,
      • Lievens C.W.
      • Norgett Y.
      • Briggs N.
      • Allen P.M.
      • Vianya-Estopa M.
      Impact of improper approach to identify lid wiper epitheliopathy (Lwe).
      ,
      • Varikooty J.
      • Lay B.
      • Jones L.
      Optimization of assessment and grading for lid wiper epitheliopathy.
      ]. The principal investigator verified every image to ensure that the computer analysis correctly identified LG staining and not LG pooling when measuring LWE area. Areas that were judged to be LG pooling were manually removed using the software tool (semi-objective methodology) [
      • Lievens C.W.
      • Norgett Y.
      • Briggs N.
      • Allen P.M.
      • Vianya-Estopa M.
      Optimal methodology for lid wiper epitheliopathy identification.
      ]. Both eyes of the 57 patients were photographed at multiple time points after dye instillation to ultimately result in a large dataset of images. For ease of comparison the same eye images were used as potential images for the present study. The area of LWE staining was used in conjunction with the clinical expertise of a panel of optometrists that reviewed and selected the final images for the PLWE scale. The panel attempted to remove images of non-continuous LWE and emphasized images in which LG had as clear a staining intensity as possible. All images of the everted lid (resolution of 2000*1000 digitized on 8 bits, 12x magnification, Haag-Streit BI900 LED Slit Lamp system and Canon EOS 60D digital camera) were captured in raw mode, and then converted into tiff-format images. The ADCIS software automatically detects LWE when using LG dye as previously described [
      • Lievens C.W.
      • Norgett Y.
      • Briggs N.
      • Allen P.M.
      • Vianya-Estopa M.
      Optimal methodology for lid wiper epitheliopathy identification.
      ,
      • Lievens C.W.
      • Norgett Y.
      • Briggs N.
      • Allen P.M.
      • Vianya-Estopa M.
      Impact of improper approach to identify lid wiper epitheliopathy (Lwe).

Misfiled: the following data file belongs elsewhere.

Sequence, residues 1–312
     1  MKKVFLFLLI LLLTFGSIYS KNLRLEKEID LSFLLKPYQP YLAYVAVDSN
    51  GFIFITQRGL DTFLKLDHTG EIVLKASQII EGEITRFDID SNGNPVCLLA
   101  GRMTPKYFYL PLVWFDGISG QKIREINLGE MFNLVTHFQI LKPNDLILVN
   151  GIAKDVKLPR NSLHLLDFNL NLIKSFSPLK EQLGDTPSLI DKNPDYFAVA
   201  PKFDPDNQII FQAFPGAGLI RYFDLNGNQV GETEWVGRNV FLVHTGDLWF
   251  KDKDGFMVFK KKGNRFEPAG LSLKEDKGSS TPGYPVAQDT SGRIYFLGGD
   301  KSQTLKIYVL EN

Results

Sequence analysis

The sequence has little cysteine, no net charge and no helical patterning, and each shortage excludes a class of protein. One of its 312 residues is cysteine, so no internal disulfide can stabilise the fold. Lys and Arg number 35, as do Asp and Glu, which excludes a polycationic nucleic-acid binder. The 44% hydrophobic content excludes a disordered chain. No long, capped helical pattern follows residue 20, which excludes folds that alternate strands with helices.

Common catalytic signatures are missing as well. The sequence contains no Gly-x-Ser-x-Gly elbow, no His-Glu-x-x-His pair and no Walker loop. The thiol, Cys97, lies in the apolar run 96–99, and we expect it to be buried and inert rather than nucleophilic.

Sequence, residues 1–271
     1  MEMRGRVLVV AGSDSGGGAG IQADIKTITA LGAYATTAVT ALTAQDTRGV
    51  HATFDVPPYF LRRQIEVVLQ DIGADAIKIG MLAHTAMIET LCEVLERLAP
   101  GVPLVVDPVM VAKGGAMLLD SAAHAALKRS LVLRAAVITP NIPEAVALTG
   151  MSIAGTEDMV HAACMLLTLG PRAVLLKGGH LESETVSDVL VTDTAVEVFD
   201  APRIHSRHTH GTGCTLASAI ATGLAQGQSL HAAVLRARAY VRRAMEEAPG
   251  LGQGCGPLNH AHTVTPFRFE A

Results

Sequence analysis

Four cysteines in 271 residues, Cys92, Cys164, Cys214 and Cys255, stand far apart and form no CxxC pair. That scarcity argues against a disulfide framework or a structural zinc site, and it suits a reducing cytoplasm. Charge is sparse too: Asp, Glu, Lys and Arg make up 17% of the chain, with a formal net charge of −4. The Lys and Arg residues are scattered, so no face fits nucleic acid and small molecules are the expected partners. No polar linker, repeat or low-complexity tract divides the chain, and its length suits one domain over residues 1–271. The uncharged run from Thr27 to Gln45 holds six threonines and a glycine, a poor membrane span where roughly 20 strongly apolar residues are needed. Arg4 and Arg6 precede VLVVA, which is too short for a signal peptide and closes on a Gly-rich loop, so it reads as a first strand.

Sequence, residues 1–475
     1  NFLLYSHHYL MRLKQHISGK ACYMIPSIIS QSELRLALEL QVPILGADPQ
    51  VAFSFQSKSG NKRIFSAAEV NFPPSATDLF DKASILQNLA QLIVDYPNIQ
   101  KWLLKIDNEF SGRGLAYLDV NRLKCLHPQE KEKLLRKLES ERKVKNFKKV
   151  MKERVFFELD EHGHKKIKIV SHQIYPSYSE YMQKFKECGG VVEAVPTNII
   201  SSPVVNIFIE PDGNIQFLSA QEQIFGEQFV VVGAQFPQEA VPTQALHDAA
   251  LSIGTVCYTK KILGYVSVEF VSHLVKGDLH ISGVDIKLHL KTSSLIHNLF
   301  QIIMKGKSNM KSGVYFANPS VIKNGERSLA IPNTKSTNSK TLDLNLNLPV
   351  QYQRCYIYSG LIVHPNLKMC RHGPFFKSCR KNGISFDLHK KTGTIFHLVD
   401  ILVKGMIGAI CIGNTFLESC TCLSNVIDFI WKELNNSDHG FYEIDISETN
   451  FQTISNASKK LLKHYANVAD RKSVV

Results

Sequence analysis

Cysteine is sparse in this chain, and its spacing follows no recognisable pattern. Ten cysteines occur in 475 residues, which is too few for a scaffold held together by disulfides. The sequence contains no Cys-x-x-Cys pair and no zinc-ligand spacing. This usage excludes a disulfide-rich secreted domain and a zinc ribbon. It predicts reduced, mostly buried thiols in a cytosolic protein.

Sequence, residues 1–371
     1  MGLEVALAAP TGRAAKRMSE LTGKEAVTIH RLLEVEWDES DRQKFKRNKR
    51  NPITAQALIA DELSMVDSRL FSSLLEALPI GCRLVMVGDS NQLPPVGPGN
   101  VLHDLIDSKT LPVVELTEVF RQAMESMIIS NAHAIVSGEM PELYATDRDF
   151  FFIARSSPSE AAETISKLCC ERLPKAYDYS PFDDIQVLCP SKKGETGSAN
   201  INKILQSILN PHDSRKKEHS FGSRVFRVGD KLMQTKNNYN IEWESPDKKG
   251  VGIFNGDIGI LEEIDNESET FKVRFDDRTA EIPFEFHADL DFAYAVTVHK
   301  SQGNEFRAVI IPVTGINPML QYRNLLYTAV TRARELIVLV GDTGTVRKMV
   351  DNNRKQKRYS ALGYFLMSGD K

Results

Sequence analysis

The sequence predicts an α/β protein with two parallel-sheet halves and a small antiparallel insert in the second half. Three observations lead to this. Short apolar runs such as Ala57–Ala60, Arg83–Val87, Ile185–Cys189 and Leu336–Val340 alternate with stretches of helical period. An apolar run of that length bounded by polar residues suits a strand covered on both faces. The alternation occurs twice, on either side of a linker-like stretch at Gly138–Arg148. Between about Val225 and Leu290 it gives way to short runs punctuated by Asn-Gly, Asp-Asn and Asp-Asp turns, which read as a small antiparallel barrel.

]. As LWE may have different presentations (continuous and non-continuous staining), the calculated area of lid wiper staining (mm2) used for analysis includes all stained regions as well as the Line of Marx. This approach is consistent with previous studies using alternative semi-automated methodologies [
      • Kunnen C.M.E.
      • Wolffsohn J.S.
      • Ritchey E.R.
      Comparison of subjective grading of lid wiper epitheliopathy with a semi-objective method.
      ,
      • Lievens C.W.
      • Norgett Y.
      • Briggs N.
      • Allen P.M.
      • Vianya-Estopa M.
      Optimal methodology for lid wiper epitheliopathy identification.
      ,
      • Lievens C.W.
      • Norgett Y.
      • Briggs N.
      • Allen P.M.
      • Vianya-Estopa M.
      Impact of improper approach to identify lid wiper epitheliopathy (Lwe).
      ,
      • Navascues-Cornago M.
      • Maldonado-Codina C.
      • Gupta R.
      • Morgan P.B.
      Characterization of Upper Eyelid Tarsus and Lid Wiper Dimensions.
      ].
      Staining patterns can differ in terms of intensity, area, shape and segmentation [
      • Wolffsohn J.S.
      Incremental nature of anterior eye grading scales determined by objective image analysis.
      ] and this was considered during the image selection process. Continuous patterns of LWE staining were preferred for the photographic scale as it was felt that progression would be more clearly ascertained. The final images were chosen such that the area of LWE staining had a linear relationship to the grade level as shown in Fig. 1. The final PLWE is included in Fig. 2.
      Figure thumbnail gr1